Government announces independent inquiry into wrongful conviction of Andrew Malkinson

Last month, Andew Malkinson’s conviction from 2004 was overturned, after he spent 17 years in jail for a crime that he did not commit.

Since the news broke, the press have reported a litany of failures by the state following the conviction, including knowledge of the police and prosecutors that a man’s DNA – not Malkinson’s or the victim’s boyfriend – was on the victim’s clothes in a “crime specific” area. The Guardian reports that in spite of that knowledge, the police and prosecutors decided to take no further action. Similarly, the Criminal Cases Review Commission (“CCRC”) declined to order further forensic testing or refer the case for appeal.

What should have happened in Andrew Malkinson’s case?

Under CPS Guidance, where there is any doubt about the safety of the conviction, including as a result of possible fresh evidence, the CPS must write to the CCRC to raise this at the earliest opportunity . James Burley, the investigator in Malkinson’s case on behalf of the charity Appeal, pointed out that internal correspondence suggests that cost was at the forefront of the CCRC’s considerations and that the failure to raise the new evidence “may have saved the CCRC some money, but it came at a brutal cost for both Andy and the victim”.

What happens now?

The Government has announced that there will be an independent inquiry examining the actions of the Crown Prosecution Service, Greater Manchester Police and the Criminal Cases Review Commission over the past 20 years.

The inquiry will be a non-statutory investigation. We have previously written about the difference between a statutory and non-statutory inquiry here. Generally, non-statutory inquiries progress at a faster pace, but they lack the power to compel witnesses to attend or give evidence under oath, and there is no presumption for evidence to be heard in public hearings.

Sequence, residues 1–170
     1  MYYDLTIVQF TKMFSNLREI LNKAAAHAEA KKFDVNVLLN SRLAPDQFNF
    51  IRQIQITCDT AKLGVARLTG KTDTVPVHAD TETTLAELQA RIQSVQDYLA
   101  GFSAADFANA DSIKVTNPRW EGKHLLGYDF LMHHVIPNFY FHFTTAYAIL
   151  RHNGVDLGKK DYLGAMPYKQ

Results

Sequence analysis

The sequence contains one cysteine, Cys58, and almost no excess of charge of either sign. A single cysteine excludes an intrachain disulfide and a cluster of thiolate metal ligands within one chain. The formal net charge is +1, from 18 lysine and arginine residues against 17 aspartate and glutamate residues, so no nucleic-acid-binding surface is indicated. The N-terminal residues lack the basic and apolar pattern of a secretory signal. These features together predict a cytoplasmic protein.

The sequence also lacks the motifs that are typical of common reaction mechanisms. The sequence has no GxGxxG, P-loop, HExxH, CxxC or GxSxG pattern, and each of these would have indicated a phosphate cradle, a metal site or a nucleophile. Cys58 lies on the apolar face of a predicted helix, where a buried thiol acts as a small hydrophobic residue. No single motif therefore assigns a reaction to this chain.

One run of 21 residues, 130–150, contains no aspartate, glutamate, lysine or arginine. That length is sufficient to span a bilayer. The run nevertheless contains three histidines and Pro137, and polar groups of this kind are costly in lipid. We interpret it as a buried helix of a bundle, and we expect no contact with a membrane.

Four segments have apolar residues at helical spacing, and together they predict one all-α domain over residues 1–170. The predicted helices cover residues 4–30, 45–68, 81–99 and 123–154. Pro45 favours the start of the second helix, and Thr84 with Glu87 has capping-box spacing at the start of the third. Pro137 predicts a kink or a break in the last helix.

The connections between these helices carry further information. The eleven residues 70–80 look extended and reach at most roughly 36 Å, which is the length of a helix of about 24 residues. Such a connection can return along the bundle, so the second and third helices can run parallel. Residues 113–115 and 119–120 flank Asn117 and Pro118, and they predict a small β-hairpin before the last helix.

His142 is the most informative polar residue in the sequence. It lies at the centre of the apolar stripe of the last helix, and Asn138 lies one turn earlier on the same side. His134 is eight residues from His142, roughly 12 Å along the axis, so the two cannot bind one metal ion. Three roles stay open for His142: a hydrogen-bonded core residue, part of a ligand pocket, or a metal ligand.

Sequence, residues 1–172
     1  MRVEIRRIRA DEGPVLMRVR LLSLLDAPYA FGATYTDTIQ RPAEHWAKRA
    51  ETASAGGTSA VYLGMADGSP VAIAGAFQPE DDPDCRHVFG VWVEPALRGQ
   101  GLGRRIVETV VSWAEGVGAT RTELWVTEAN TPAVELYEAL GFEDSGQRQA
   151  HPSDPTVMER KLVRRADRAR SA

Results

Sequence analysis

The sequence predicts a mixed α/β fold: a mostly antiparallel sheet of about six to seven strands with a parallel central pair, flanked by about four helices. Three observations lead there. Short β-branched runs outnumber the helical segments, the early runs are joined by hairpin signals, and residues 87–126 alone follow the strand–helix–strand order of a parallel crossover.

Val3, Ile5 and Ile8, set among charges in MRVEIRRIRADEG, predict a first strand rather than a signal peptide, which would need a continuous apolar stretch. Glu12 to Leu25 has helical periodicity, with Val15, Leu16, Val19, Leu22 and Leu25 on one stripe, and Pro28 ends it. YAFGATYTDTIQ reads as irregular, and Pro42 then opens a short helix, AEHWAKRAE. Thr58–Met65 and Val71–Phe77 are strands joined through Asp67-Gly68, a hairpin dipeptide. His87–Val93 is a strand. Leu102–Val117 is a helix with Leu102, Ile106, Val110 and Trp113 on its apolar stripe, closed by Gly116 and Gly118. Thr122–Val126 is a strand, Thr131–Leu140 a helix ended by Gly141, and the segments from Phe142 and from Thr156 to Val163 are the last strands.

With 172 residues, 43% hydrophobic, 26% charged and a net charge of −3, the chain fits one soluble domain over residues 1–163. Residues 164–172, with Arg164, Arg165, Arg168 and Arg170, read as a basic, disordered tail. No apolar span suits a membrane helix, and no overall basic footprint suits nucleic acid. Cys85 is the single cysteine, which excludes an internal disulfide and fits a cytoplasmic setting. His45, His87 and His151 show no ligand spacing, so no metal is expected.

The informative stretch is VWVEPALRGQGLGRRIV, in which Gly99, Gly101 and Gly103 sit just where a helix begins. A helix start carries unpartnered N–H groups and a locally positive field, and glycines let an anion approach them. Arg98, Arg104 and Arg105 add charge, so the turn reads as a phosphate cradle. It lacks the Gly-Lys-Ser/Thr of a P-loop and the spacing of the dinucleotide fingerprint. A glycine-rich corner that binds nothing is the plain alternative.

As such, the level of accountability provided by non-statutory inquiries relies on the cooperation of witnesses as well as the discretion of the chair of the inquiry. It is perhaps for this reason that there have been calls that the inquiry into Malkinson’s case be a public inquiry. The Justice Secretary, however, has assured the public that all agencies involved have promised full cooperation and that the chair will be appointed in the coming weeks, with hopes that a report can be finished and published by the end of the year.

Following the announcement, Mr Malkinson stated that “the police cannot be trusted to investigate impartially or act as faithful gatekeepers to the evidence”, and that his case “also shows that the CCRC, which could have spared me years of life behind bars, is not fit for purpose.” He stated that he hopes that the inquiry will result in “serious, profound changes in our justice system”.

Saunders Law currently represents core participants in a range of public inquiries, as well as representing clients in civil claims against the police, including for false imprisonment, malicious prosecution, and failures to properly investigate serious crimes. If you would like more information please call us on 020 7632 4300 or Make an enquiry and we will contact you.


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